Summary: Jesus entered the boat; Jesus is the master of the Church. The disciples–that’s you and I–we follow Him into the boat.
24th Sunday after Pentecost 2018
“At that time, Jesus entered into the boat, and His disciples followed Him.” In nomine Patris et Filii et Spiritus Sancti, Amen.
The stories of the Holy Gospel are interesting reading in themselves, and sometimes even exciting. Here we have the tale of Jesus and His disciples being caught out on the Sea of Tiberias when a storm brews up and they are all nearly drowned. But when He is asked, Jesus rises up and commands wind and sea, and they obey Him. As a Jesus story that helps us see His divinity, it is unmatched until Christ’s resurrection.
But there is something else operating here, something much deeper. The original sense of the story is something that happened once or maybe twice in the life of Christ with His disciples. But there is so much more that aided the infant Church in the years after Pentecost. And beyond that, there is more that can aid this two thousand year old Church in the 24th Sunday after Pentecost, and more particularly, our Extraordinary Form community.
That is because whenever the evangelists, especially Matthew, talk about a boat, they are speaking of the Church herself. Jesus entered the boat; Jesus is the master of the Church. The disciples–that’s you and I–we follow Him into the boat. Jesus, master of the boat, goes into the cabin and falls asleep while the expert fishermen take the helm and trim the sails. The calm sailing doesn’t last very long. Even today taking a boat out on the Sea of Galilee involves a risk. The mountains are so arranged around that inland lake that they funnel the winds from the Mediterranean down right onto the lake, so that they disturb both the lake waters and the air around it. And what a disturbance this was. The Greek text calls it a seismos, the same word used for a massive earthquake. Wind and waves were against them. The boat was shipping huge amounts of water; washing over the gunwales and filling the hold. Drowning was a real possibility. The disciples, who knew well the perils of this particular lake, woke their Master up and said, “we are being destroyed, rescue us.” And the Master responded promptly with divine power, so that all were saved.
We need to take this powerful five Gospel verses to heart, especially today. Pounded by external forces and weakened by a few corrupt leaders, the Church, the bark of Peter, is sailing perilous waters. It’s like millions of Catholics are crying the prayer we just heard in the Gospel verse and will hear twice again at the Offertory: “out of the depths I have cried to Thee, O Lord.” Ours is the collect as well: God knows us to be set in the midst of dangers so great that, by reason of our frail nature, we can’t always withstand them. We are tempted to believe that God has abandoned His people, that because of our sins He has turned His back on us.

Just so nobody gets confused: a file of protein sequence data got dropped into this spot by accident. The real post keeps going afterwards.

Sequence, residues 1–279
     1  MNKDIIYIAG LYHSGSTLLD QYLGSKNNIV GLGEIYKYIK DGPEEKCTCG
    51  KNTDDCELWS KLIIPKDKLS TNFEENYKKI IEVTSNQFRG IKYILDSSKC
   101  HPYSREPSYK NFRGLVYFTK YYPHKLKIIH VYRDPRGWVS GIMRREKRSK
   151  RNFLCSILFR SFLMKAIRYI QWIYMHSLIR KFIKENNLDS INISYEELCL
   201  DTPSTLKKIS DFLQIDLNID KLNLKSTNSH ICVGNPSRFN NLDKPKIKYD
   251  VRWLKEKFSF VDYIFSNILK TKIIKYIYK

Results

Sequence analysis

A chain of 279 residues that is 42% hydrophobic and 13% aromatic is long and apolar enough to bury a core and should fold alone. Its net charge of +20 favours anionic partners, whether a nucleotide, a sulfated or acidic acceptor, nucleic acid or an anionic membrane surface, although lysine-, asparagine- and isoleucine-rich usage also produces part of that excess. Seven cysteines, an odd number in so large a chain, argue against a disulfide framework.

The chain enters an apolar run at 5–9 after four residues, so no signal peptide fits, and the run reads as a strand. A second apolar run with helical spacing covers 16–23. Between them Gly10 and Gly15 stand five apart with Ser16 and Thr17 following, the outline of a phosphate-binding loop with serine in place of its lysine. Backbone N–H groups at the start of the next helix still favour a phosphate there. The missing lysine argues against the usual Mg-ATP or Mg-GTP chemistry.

Yet we know that cannot be true. Though the gates of hell stand against us, they cannot prevail. Our Lord promised it. Look back through the centuries at the number of times God’s promise has been fulfilled. Persecution after persecution by the Romans, peaking with the murderous Diocletian, and thirteen years after his death, Christianity had become the preferred religion of the empire. Not long afterwards, the Arians, who denied Christ’s divine nature, took the ascendancy over the Catholics, but where are they now? Many times the forces of Islam hammered against the Catholic west, and were always defeated by the power of God. The Protestant revolution tore most of northern Europe away from Christ’s Church, but all that did was cause the Holy Ghost to scatter Franciscan and Augustinian and Jesuit missionaries over the whole world, planting the faith on every continent. Enlightenment, French revolutionaries, fascists, Nazis, communists have all declared victory over the Catholic Church. The Church prayed in the midst of the hurricanes, and the Lord rose, spoke a word, and calmed the wind and waves. If we pray that His will be done in this day as well, He will win Himself a great victory, and preserve and grow His Church in spite of the assault of secularists.
I believe that the Father who always fulfills His promises will act in behalf of His people once again. All we need to do is ask. Our Lord seems to be at His best in a storm. So let me suggest that the response to this crisis, as to every crisis, must be the same one we always rely on–prayer. Daily ask God for help. Constantly pray “Jesus, I trust in Thee.” Ask Him to stir up in the heart of a faithful priest a desire to serve the hundreds of people who will come through our doors in the next few years with a liturgy full of Truth, Goodness and Beauty. Ask Him to give our pastor the words he needs and the heart of charity he desires to build up the people of God. And when you have finished your prayer, give thanks for all Our Lord has done in the past, and all He plans for our future.